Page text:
Li-ion batteries (LIBs) are the dominating technology in portable electronic devices and electric vehicles and are expected to play a more preponderant role in the foreseeable future. However, in view of the growing energy storage needs, major improvements in next-generation LIBs need to be accomplished in order to increase their power and energy density.
A primary component of LIBs is the negative electrode, which is commonly made of graphite. Graphite anodes exhibit long-term durability but very limited storage capacity. Alternatively, Silicon (Si) displays storage capacities 10 times higher than graphite, but it suffers from degradation processes that dramatically shortens the cycle life of the anodes and hinders their wide commercialization potential.
In this context, naturally abundant Silica (SiO2) has emerged as a promising anode candidate, exhibiting not only high storage capacities, but also good stability after prolonged cycling. However, despite of its great potential, the underlying mechanism of SiO2 reaction towards Li-ions is unknown. Recently, it has been proposed that SiO2 lithiation produces Si domains within a matrix of electrochemically inactive species. As a result, the on-site formed Si would provide high reversible storage capacities, whereas the inactive species would help to reduce degradation processes, therefore extending the cycle life of the anodes.
Because of this, a comprehensive investigation of SiO2 reaction towards Li-ions constitutes an essential prerequisite towards the exploitation of the full potential of SiO2 anodes and the development of stable Si anodes. This project aims at using state-of-the-art advanced characterization techniques to reveal the fundamental aspects of SiO2 reaction towards Li, providing an effective knowledge-driven approach to find key enablers for the design and development of high capacity anodes for next-generation LIBs.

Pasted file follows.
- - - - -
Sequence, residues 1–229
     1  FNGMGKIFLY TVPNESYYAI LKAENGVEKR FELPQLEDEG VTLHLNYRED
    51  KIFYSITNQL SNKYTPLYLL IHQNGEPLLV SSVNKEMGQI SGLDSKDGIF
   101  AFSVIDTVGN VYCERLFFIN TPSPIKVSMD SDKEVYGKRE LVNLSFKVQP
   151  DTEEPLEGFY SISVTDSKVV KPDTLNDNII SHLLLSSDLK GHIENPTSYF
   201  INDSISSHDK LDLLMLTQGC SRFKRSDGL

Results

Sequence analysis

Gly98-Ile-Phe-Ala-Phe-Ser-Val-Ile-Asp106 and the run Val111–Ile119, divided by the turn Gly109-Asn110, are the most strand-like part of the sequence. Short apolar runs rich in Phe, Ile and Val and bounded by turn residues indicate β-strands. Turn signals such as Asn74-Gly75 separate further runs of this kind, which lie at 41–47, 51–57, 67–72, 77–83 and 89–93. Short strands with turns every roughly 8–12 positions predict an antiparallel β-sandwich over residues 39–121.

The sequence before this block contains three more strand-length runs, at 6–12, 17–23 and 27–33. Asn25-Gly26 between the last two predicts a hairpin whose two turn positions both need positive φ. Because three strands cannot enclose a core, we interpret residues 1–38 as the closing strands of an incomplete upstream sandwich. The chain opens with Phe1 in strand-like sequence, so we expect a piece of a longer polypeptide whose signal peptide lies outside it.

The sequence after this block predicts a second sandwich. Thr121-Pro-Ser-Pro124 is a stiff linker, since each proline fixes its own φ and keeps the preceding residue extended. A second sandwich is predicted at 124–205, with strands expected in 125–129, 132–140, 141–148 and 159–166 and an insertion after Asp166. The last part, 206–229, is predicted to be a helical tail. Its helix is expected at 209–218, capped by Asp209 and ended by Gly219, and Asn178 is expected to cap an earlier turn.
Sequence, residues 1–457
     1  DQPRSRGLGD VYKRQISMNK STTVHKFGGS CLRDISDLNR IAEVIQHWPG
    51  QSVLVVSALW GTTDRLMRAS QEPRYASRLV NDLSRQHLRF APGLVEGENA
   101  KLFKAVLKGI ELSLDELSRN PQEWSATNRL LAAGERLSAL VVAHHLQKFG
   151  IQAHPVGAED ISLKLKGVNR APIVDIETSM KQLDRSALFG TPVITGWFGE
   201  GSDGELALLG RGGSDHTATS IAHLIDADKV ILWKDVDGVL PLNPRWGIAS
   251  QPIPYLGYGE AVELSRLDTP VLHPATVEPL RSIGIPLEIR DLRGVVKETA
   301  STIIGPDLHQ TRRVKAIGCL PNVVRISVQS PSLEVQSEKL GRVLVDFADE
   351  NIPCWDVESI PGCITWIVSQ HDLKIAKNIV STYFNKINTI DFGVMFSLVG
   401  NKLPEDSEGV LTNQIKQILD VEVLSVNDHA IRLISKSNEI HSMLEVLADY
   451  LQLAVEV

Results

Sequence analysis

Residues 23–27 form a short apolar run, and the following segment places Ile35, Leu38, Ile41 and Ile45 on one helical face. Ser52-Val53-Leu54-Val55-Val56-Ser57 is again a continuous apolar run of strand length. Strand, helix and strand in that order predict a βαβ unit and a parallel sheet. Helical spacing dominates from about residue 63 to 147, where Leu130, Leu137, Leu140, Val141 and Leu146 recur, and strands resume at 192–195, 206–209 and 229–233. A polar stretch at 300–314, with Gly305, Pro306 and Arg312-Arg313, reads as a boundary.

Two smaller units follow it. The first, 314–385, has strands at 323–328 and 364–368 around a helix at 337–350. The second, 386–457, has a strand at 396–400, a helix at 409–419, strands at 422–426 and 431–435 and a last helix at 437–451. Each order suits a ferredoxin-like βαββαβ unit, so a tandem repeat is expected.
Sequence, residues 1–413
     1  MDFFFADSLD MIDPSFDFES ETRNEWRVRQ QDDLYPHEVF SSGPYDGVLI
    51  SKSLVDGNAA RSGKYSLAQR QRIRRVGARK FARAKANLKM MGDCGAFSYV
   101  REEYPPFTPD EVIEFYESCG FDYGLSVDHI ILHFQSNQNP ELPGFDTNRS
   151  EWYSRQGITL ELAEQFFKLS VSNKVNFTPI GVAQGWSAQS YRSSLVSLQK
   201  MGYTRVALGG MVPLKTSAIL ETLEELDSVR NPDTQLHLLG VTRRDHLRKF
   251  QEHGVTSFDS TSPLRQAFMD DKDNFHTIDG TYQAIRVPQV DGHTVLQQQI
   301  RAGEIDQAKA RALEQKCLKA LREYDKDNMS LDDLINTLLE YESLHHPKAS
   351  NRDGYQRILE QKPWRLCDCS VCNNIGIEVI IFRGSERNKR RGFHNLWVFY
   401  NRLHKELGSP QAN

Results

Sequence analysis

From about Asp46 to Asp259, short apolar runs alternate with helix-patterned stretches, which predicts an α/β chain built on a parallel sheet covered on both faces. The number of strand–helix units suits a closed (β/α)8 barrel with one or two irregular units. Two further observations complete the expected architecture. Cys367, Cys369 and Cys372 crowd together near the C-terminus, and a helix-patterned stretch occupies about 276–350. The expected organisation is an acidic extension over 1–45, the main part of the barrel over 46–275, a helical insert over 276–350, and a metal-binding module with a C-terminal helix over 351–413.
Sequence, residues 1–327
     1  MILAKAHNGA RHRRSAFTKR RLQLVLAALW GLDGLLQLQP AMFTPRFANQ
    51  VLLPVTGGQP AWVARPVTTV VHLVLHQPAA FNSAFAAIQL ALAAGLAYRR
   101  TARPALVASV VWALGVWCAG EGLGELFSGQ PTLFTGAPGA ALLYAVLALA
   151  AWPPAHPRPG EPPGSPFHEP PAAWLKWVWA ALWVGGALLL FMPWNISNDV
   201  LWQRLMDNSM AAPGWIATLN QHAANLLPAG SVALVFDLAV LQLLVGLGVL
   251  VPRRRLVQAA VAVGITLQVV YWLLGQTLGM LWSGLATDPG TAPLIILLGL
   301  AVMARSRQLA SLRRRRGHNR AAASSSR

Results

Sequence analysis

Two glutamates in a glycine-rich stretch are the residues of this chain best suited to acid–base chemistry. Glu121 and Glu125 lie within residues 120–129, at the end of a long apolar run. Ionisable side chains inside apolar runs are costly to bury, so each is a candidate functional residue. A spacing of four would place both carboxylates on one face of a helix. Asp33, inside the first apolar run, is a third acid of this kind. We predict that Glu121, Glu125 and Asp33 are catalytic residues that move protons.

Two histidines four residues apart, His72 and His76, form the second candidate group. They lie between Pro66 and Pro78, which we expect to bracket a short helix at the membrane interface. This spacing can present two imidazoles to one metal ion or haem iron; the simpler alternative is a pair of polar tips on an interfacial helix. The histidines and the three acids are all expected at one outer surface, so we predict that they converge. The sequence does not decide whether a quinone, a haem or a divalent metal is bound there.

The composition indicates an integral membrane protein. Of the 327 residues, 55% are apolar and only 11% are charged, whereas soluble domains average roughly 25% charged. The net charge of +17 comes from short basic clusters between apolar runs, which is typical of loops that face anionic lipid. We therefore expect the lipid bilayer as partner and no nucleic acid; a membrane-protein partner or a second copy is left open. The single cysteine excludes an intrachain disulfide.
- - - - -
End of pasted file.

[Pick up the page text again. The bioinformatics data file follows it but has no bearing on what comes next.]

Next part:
Li-ion batteries (LIBs) are the bridge between intermittent renewable energy sources and power demand in multi-scale systems. Thus, considering the importance of renewable energy systems for achieving energy sustainability and mitigating climate change, it is expected that LIBs will play a preponderant role in the foreseeable future. However, major improvements in the design and engineering of electrode materials need to be accomplished in order increase the power and energy density of LIBs.
Current negative electrodes of LIBs are made of graphite, which exhibits high stability and long durability, but with very limited storage capacity (372 mAhg-1). In this context, SiO2 has been pinpointed as a promising anode material, exhibiting experimental storage capacities above 1100 mAhg-1, together with stable electrochemical performance after prolonged cycling. Theoretical studies indicate that SiO2 reacts irreversibly with Li, producing electroactive Si domains dispersed in a matrix of inactive species. The on-site produced Si would further react reversibly with Li, being the main contributor to the reversible capacity, whereas the inactive phases would buffer Si volume changes, therefore imparting a higher stability to the anode. However, the reaction mechanism of SiO2 towards Li, as well as the interplay between the reaction products remain unclear.
This project aims to set the basis for exploiting the full potential of SiO2 anodes that can outperform current state-of-the-art negative electrodes of LIBs. To this end, we propose to develop a multi-probe methodological approach for a multi-scale characterization of SiO2 anodes using post-mortem and in-situ/operando methods to unveil the fundamental aspects of SiO2 reaction towards Li. The outcomes of this project will provide key enablers for the design and development of high capacity and high stability anodes.